On the last day of their 2017 holiday tour at the Boch Center in Boston, the Grammy award-winning a cappella group Pentatonix officially added a new member to their group.
The crowd applauded and cheered as lead singer Scott Hoying introduced Marylander Matthew Sallee as the new bass singer. Sallee and beatboxer Kevin Olusola opened the group’s rendition of “Let It Snow, Let It Snow, Let It Snow,” with synchronized 90s-style hip hop moves as the crowd cheered them on.
Throughout the performance, Sallee skillfully held down the bass as the group performed a medley of holiday classics, including “Deck the Halls,” and “Sleigh Ride,” and soulfully delivered the chorus during their performance of “Angels We Have Heard On High.”
In 2011, after winning the NBC a cappella competition show “The Sing Off,” Pentatonix quickly rose to stardom. Over the past seven years, the group has recorded 10 studio albums, won three Grammy awards and accumulated more than 16 million subscribers on their YouTube channel. Additionally, the group has made numerous film and television appearances including The Macy’s Thanksgiving Day Parade, “The Today Show,” and “Pitch Perfect 2.”
Soon after bass singer Avi Kaplan left the group before their holiday tour, Pentatonix underwent a worldwide scouting process in search of a replacement.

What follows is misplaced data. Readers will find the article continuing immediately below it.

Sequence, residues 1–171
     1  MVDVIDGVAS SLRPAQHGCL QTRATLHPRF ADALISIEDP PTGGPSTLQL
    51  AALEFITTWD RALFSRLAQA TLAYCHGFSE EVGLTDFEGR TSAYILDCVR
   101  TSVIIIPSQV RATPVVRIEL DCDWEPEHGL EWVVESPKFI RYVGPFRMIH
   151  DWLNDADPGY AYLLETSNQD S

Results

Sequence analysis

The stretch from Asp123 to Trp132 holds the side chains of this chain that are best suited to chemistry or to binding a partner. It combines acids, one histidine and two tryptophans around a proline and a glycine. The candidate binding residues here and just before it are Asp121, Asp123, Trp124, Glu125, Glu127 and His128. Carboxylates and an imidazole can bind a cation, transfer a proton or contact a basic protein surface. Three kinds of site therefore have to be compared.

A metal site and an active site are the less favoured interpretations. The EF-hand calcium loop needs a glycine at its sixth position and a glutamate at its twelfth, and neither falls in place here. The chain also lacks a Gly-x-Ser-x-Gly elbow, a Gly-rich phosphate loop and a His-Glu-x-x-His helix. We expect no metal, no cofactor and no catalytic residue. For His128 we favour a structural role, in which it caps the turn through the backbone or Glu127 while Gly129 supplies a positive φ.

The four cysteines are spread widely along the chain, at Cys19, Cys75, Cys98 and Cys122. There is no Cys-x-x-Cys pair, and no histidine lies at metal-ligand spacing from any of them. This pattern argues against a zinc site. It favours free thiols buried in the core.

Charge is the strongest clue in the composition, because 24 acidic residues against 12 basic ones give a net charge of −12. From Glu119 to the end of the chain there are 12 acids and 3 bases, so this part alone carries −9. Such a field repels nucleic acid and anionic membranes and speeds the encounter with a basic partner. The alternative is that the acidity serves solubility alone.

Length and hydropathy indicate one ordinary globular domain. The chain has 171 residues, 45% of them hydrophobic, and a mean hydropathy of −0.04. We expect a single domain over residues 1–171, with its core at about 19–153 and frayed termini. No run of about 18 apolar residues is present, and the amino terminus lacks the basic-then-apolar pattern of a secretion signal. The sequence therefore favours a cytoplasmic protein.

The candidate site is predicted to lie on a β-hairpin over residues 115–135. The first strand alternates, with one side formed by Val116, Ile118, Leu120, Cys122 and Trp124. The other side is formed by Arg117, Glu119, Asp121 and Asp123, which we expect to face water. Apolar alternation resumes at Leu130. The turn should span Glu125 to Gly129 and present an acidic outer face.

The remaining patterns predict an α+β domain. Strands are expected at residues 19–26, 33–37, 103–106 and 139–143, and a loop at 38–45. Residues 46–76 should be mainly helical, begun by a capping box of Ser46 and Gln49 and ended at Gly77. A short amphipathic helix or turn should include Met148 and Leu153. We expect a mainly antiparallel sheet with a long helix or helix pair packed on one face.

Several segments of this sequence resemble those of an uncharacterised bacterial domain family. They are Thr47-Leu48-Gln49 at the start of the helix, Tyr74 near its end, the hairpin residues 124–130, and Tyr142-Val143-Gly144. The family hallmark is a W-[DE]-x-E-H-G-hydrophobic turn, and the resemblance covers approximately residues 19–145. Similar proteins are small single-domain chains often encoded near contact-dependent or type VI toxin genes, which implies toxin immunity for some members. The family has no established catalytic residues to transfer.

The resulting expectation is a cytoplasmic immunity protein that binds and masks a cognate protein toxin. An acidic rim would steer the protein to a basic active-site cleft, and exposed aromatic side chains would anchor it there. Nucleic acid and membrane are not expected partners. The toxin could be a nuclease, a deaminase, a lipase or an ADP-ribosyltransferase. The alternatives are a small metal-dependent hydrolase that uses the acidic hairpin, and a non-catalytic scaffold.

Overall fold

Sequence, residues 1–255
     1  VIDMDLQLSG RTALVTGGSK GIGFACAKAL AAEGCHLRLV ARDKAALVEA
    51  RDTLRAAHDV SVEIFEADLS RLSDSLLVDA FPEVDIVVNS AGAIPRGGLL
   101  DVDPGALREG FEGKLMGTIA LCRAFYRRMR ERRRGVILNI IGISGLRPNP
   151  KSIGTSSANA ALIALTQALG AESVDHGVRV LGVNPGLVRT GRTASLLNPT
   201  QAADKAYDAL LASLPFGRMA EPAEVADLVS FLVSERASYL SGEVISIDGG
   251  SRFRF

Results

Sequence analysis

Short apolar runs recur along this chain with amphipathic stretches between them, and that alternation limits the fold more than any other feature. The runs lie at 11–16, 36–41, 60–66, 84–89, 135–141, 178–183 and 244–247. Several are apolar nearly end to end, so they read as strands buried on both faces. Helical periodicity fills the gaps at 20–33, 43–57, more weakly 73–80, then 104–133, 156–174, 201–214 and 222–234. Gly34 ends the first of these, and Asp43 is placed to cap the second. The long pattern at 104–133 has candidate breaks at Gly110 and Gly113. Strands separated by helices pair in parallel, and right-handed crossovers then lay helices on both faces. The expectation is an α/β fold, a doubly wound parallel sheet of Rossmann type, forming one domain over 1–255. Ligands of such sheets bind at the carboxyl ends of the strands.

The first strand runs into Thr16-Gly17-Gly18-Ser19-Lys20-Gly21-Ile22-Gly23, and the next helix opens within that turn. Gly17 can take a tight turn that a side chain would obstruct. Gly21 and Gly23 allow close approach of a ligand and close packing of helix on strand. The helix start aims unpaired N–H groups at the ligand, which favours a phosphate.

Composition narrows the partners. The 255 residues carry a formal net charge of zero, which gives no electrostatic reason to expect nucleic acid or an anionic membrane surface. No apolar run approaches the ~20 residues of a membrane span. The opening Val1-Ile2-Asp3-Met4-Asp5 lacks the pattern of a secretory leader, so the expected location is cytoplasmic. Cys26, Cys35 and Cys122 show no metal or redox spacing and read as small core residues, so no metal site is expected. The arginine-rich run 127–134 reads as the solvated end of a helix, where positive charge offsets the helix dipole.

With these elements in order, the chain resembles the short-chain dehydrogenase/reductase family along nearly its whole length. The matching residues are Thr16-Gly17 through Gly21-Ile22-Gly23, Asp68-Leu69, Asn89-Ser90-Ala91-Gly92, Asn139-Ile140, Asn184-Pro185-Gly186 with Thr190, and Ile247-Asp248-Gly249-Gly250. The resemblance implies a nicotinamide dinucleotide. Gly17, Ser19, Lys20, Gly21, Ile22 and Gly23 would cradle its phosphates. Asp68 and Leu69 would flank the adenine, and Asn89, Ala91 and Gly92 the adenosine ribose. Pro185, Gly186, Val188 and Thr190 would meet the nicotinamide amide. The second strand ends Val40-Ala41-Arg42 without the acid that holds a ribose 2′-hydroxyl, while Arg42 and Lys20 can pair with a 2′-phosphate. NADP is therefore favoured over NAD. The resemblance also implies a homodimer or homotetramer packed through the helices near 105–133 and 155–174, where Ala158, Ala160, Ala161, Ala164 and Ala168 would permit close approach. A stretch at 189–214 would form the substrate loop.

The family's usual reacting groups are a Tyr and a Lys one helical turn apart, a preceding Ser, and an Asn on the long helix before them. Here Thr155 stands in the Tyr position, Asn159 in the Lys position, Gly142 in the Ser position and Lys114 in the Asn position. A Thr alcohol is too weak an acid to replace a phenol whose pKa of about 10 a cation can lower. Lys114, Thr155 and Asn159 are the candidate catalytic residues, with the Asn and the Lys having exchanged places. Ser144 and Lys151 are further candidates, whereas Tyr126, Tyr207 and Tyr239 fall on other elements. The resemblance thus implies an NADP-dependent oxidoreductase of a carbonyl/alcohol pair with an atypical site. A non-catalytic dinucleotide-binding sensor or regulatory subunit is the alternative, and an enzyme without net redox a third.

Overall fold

Four months later, they found Sallee.
Born at Johns Hopkins Hospital in Baltimore and raised in La Plata, Sallee said he has been singing for as long as he can remember.
“My dad would have me come up to the piano [at church] and have me sing a song at the end of the service and everyone would be screaming,” said the 24 year-old. “I thought I must be good at this. I think they saw that in me early.”
As the son of a music pastor, the person who oversees the choir and congregational music, he said his father encouraged him to sing and perform at their church, Morning Star Baptist Church of Christ in Baltimore, the church his parents attended growing up and were later married in.
“I was always getting him engaged in what we were doing in church,” said Ernest Sallee. “I [would] give him various singing opportunities as well as opportunities in the dramatic productions.”
Ernest, 54, described his son as a happy and upbeat child, which carried into his teenage years.
As a student at Maurice J. McDonough High School in Charles County, Sallee participated in multiple choirs and an all-male contemporary a cappella group, The Ramtations, named for the school mascot.
In addition to his singing, he took on the role of Tony in a school production of the musical, “West Side Story,” after the original lead died unexpectedly.
Sallee’s mother, Tammy Sallee, 53, said that was when she realized her son could make music a career.
“Matt had to step in within a two-week period between him passing, the funeral and the actual show,” she said. “After that first show, I was literally crying. I knew that was probably what he was going to do.”
T.C. O’Brien, 54, who taught Sallee during high school, said she realized he could have a career in music after his freshman year.
“He is so charismatic on stage and [when] he performs he is in it,” she said. “He is very committed to the whole performance and wants you to enjoy it as much as he is enjoying it.”